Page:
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Dan Boone

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since Jan 24, 2014
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Dan Boone gardens, plants fruit trees, and tends wild fruit and nut trees and vines in Central Oklahoma.
Central Oklahoma (zone 7a)
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Recent posts by Dan Boone

My go-to for all kinds of dental pain and mouth injury is yarrow tincture.  Similar sensations to clove oil but less "burny" and (for me at least) more effective -- plus it's antibiotic and promotes healing of things that can heal.  I have a mouthful of tooth stubble and no budget for massive amounts of oral surgery, so I've tried a lot of things over the years.

Yarrow root tincture / mouthwash for dental antibiotic & pain relief: how to make it, with pictures
1 day ago
I appreciate both those tips.

I also saw a suggestion elsewhere to extract minty goodness by chopping the mint and macerating it with dry sugar, letting it sit for awhile to absorb the oils from the mint.  It seems to me that doing that with one batch of mint and then using the minty sugar in making the syrup with another batch of mint could help.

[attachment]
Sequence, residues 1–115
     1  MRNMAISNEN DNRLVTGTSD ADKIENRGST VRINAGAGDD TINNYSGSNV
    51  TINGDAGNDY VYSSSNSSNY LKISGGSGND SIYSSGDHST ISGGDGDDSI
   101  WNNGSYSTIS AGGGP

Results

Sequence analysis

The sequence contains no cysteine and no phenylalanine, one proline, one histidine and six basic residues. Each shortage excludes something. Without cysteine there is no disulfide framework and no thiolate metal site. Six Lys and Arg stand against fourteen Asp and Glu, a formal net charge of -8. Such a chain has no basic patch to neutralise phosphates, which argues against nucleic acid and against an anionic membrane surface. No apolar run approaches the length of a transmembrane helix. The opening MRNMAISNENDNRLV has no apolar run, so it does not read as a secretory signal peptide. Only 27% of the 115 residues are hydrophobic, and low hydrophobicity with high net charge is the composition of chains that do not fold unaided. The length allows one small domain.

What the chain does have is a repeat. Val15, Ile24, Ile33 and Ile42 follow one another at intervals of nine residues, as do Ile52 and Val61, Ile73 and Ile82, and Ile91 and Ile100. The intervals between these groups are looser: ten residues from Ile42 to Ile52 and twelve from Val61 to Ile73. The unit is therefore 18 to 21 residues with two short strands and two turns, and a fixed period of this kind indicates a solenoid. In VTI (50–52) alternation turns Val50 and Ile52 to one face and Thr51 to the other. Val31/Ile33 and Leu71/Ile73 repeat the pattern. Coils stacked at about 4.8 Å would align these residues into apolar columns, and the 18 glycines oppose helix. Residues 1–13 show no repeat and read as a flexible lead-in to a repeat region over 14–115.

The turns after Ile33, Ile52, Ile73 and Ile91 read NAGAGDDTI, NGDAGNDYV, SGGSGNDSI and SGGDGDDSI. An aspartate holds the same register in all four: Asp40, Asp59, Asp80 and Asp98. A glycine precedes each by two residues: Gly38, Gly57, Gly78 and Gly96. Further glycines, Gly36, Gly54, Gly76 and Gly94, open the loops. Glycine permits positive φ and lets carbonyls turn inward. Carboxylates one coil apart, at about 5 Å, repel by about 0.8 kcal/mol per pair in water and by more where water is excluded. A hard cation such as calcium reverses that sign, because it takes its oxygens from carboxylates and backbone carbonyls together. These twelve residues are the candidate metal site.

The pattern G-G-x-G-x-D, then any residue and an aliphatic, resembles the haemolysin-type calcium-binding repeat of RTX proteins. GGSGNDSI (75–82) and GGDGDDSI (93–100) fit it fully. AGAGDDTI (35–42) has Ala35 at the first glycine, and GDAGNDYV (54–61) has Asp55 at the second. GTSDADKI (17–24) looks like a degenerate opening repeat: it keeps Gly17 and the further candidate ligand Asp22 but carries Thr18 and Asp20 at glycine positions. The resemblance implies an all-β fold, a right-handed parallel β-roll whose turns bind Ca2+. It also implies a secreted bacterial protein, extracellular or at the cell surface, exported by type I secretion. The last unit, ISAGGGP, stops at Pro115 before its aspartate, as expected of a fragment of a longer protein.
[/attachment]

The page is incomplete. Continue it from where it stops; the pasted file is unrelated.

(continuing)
1 week ago
Hmm, I do not know!  Small-scale experiments may be called for.
1 week ago
And, indeed, I ended up with slightly less than two quarts of rich green thick somewhat minty syrup.  I'm now wondering about making a batch of mint extract (alcohol based) and "enhancing" it.  Home alchemy for the bored...
1 week ago
William, yes!  I've had great luck using the method to make citrus syrups with citrus too old to be great for eating.  

As for this experiment, right now it looks like an educational failure.  I ended up with  thin syrup that had a nice mint flavor but not as strong as I was hoping.  Not useful enough to store in that quantity.  Perhaps more mint, less water next time.  Or another method to extract/concentrate the flavor.  

Meanwhile for this batch I am boiling it down to about half its volume.  If that goes as expected, I'll lose some flavor in the process, but I'll end up with a quart and a half of heavy/strong simple syrup that's green and at least vaguely minty, which I can use by the tablespoon in cocktails and to sweeten teas. At least the sugar I used won't go to waste.  
1 week ago
This experiment is in progress; I will report back about the results.

Problem: I have three beds of mint and the first of them is in flower.  All of them were getting tall and leggy and badly needed cutting.